From our very own Thorne Dreyer, this revealing article plus all the documentation on which it’s based.
The Spies of Texas
Newfound files detail how UT-Austin police tracked the lives of Sixties dissidents
by Thorne Dreyer
“Even a paranoid can have enemies.” — Henry Kissinger
Allen Hamilton kept his files secret until his death in 2005, long after his retirement as campus police chief for the University of Texas at Austin. His son discovered them while cleaning out his father’s office. The boxes of documents and photos from the 1960s included records of the most horrific event in Chief Hamilton’s tenure—the August day in 1966 when Charles Whitman perched atop the UT Tower with a high-powered rifle, killing 15 and wounding 33. Graphic photos from the Whitman archives were made available to newspapers to mark the 40th anniversary of that bloody day.
But Hamilton’s files also provide valuable links to the complex political and social currents that were washing over the campus four decades ago. These documents—made public here for the first time—tell the story of how the University of Texas spied on its nonconformist and dissident students. The records—covering a period from approximately 1963 to 1970—show the extensive efforts that campus police made to identify, watch, and follow students and faculty members whom it found suspicious.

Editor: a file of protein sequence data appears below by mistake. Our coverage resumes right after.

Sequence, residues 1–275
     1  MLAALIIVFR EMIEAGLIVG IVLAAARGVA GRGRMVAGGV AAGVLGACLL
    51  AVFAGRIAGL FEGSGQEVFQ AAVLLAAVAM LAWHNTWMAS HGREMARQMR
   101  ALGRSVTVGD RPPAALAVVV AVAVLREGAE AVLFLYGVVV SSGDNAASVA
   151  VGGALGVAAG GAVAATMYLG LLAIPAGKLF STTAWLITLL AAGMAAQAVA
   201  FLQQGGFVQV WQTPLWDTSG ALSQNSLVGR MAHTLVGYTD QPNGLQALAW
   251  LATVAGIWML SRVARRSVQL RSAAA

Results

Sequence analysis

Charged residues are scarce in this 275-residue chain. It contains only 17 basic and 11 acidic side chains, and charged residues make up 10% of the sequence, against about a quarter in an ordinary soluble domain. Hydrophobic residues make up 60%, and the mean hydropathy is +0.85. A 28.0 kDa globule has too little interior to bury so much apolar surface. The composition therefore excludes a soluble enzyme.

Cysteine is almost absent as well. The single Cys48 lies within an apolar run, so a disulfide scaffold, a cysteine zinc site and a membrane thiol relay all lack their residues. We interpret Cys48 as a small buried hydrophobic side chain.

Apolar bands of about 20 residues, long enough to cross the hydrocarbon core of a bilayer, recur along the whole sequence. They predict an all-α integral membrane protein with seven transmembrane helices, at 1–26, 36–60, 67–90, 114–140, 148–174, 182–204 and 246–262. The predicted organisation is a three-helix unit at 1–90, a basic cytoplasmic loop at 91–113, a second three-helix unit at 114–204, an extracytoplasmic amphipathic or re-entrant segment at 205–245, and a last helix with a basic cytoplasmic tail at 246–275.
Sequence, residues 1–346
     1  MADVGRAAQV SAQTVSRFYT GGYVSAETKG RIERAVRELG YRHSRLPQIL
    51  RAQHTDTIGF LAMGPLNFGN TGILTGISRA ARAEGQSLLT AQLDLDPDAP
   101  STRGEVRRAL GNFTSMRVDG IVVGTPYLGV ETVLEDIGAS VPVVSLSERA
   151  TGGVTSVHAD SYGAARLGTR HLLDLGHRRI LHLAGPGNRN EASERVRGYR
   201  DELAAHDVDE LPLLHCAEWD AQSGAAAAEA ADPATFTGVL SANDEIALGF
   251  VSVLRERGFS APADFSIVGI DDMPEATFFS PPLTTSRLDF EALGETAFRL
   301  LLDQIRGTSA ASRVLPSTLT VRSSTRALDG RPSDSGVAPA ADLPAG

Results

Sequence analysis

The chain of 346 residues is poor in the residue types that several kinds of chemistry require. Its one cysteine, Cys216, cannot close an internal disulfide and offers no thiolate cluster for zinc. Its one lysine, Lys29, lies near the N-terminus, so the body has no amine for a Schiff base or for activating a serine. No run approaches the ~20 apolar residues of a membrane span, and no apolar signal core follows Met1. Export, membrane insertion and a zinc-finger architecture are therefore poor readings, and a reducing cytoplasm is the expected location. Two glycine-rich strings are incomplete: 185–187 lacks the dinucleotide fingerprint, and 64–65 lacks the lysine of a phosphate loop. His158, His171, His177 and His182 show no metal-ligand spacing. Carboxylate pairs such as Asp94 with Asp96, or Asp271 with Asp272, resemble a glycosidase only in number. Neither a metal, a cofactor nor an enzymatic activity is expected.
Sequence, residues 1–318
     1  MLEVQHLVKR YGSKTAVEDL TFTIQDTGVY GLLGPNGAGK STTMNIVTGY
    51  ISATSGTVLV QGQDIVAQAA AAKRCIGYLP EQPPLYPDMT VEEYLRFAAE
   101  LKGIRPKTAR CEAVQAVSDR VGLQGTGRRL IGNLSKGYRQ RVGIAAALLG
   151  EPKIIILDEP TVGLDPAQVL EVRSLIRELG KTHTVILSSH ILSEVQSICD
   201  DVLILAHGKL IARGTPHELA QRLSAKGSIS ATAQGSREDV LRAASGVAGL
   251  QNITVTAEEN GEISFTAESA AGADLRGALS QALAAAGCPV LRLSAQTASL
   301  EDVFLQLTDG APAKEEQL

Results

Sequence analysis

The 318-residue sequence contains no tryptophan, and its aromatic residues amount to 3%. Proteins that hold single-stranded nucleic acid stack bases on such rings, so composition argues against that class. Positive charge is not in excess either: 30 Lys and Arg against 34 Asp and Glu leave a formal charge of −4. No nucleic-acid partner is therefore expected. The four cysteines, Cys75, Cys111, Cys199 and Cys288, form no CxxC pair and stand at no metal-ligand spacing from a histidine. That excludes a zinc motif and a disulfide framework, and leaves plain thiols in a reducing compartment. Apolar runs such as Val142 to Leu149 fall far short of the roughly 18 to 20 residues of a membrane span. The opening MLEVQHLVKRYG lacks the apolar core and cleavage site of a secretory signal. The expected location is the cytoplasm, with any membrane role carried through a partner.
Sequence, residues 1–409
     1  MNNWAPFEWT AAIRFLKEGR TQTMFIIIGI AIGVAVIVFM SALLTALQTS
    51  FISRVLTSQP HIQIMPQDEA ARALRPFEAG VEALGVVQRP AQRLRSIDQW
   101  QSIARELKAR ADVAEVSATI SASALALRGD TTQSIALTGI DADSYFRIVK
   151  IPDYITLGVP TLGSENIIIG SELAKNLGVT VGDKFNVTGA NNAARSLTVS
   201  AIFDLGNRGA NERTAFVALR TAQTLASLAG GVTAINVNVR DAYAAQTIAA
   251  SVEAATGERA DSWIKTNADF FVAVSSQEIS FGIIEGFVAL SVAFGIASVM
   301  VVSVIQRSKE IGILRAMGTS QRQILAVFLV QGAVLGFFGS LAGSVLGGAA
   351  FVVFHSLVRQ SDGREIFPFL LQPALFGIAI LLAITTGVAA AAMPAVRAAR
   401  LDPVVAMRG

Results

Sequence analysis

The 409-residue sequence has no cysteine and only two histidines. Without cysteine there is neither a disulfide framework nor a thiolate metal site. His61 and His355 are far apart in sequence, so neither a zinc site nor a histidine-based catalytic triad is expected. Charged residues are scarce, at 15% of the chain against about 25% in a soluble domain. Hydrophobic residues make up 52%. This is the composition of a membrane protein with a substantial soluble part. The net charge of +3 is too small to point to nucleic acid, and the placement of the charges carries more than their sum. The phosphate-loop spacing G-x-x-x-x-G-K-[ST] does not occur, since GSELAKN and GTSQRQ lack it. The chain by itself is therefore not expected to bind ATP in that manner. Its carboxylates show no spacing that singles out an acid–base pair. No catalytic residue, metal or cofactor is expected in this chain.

The files include more than 500 pages of department memos, some from student informers; lists of names of campus “dopers” and activists; and photocopies of newspaper articles and leaflets. Also included are over 250 surveillance photographs. The documents reveal that among the subjects campus police were monitoring at the time were Janis Joplin, Jerry Jeff Walker, and Richard (“Kinky”) Friedman.